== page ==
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Polls, Polls, Polls
Quota sampling, herding, socio-economic profiling and weighting – just some of the essential parts that make up the mysterious world of opinion polling. An old political dictum states that one should always ignore the polls, especially if you’re the one running for office. However, in reality they are plastered all over the media, online and print, so who can help but take note.
This election, more so than any other in recent memory, has been characterised by polling. Many critics viewed Theresa May’s decision to call a general election on 18 April as based on polls which had the Conservatives on a commanding 18%-21% lead (18 April, ICM/Guardian). But what’s happened during the campaign to seemingly shift the polls towards Labour?
Firstly, despite Diane Abbott’s best efforts to make Labour’s challenge even more difficult the truth is that Theresa May has lost a fair bit of credibility during this campaign.
She has performed badly under questioning from members of the public and journalists and has rarely looked at ease. It is now becoming obvious why her advisers didn’t want her to take part in live TV debates with her opponents.
There has been many a U-turn during these campaign weeks, which has led many undecided voters to question the previously accepted wisdom of the Party in Government as a safe pair of hands. The Social Care Plan policy announcement for one did major damage and shifted the scrutiny away from Labour’s credibility on its Manifesto commitments back onto The Conservatives.
And then, the despicable actions of a few individuals in Manchester and London and the fallout from those tragic events have begged further questions about just how good Ms May’s record is on national security and policing when she was Home Secretary.
New figures put the two main political parties as close as 4% (29May – 02Jun, YouGov) or even a single 1% (Survation/MailonSunday).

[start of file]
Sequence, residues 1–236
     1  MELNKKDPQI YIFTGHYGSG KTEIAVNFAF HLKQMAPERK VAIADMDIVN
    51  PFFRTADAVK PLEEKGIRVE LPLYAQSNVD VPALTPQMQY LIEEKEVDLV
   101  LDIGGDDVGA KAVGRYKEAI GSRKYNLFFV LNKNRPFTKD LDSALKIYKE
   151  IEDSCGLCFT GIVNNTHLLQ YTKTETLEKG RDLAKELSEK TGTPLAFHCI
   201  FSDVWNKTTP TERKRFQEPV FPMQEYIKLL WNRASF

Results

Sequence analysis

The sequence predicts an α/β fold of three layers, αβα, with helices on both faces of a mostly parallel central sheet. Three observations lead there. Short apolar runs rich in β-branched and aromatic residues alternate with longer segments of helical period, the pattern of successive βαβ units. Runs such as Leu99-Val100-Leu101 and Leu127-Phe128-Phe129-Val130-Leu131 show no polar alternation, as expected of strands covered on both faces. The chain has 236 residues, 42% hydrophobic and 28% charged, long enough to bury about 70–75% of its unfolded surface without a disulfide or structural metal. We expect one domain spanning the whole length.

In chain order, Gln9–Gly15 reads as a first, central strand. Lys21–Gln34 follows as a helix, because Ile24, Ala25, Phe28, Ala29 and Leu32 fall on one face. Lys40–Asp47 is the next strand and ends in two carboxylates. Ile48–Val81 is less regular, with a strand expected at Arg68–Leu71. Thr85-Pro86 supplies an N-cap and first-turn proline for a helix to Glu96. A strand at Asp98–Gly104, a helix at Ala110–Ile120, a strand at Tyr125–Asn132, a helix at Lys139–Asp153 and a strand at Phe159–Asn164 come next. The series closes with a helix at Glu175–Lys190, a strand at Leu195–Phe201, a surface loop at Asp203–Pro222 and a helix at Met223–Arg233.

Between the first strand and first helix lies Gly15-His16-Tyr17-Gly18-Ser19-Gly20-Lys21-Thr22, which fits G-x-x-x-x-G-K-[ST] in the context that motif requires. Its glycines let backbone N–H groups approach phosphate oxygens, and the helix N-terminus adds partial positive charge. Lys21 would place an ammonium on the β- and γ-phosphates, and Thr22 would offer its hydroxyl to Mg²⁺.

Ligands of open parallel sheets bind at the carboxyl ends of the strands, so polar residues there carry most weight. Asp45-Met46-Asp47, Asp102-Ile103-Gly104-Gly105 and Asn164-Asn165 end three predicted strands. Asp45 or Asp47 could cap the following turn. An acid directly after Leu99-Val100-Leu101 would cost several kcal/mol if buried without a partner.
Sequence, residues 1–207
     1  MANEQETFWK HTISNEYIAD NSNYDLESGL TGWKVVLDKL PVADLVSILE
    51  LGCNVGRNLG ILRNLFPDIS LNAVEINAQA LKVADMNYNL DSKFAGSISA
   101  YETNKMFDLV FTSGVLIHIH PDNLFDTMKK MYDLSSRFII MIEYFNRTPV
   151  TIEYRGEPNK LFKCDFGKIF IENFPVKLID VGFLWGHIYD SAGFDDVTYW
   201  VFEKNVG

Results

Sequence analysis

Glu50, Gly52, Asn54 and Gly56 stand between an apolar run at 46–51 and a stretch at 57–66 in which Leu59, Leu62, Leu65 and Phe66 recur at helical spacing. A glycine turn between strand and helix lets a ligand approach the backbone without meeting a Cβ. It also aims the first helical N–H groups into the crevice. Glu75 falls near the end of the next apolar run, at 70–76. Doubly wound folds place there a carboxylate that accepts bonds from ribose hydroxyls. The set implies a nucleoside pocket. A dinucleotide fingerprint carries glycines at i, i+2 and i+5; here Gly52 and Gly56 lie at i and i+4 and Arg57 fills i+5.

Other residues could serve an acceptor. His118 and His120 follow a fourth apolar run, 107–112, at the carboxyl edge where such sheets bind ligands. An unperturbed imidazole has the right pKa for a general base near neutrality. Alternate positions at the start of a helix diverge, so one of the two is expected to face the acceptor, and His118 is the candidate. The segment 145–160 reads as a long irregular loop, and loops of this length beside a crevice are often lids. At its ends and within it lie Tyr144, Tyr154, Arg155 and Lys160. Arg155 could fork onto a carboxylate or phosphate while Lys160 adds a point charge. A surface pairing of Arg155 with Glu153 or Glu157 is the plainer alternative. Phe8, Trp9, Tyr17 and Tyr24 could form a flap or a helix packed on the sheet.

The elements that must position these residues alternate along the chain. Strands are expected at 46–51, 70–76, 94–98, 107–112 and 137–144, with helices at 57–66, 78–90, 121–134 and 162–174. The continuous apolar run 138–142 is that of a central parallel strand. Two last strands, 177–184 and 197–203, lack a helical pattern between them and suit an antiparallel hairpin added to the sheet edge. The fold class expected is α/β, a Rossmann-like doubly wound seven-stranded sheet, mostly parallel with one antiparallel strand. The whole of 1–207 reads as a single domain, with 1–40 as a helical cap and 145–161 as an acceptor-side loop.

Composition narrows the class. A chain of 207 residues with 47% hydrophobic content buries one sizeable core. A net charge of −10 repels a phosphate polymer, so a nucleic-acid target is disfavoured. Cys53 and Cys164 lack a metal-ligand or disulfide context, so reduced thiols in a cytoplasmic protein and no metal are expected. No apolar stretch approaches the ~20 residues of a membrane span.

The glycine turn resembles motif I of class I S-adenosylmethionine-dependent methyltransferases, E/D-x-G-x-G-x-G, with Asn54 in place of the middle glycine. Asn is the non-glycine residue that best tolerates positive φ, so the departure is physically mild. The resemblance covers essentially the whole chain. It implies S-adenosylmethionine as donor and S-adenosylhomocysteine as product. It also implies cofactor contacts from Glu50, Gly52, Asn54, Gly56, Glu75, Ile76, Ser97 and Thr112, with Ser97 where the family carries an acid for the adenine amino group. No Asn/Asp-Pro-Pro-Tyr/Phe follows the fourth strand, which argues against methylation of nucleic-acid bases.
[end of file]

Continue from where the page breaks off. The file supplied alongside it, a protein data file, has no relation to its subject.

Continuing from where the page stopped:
Then again, in the lead up to the 2015 General Election some polls put Labour and Conservatives tied (5-7May, Populus), others saw a Labour lead of 1% (3-6 May, ICM/Guardian) and some with a 6% (6 May, Survation) Conservative lead. The reality was quite different.
Polling is complicated and as we saw with Brexit, they can go horribly wrong. Polling requires a range of voters, with a mix of backgrounds and ages in order to produce an accurate result. Furthermore, you need to get your sample size right – there is an ongoing to debate whether 200 or 20,000 makes a better poll. Lastly, weighting is required to produce an accurate poll; mainly due to the difficulties in obtaining a representative sample but also to offset voter tendencies – Tories are more likely to put the phone down or be ex-directory than Labour voters.
So after all that, should you pay attention to polls? Unfortunately, the answer is yes and no. Polls can categorise voting intention across the country, but the nuances of seat targeting, shy Tories and the last-minute voter all serve to mislead. At Iceni Engagement we look at the polls, but also at the bookies and the Conservatives are still at 1/4 for an Overall Majority (6 June, Ladbrokes).
Turnout is key. Labour is currently polling at 68% in terms of voter intention amongst 18-24 year olds. But not following through on voter intention is something Labour has been undone by in this past. The question is, will young people get out and vote this time?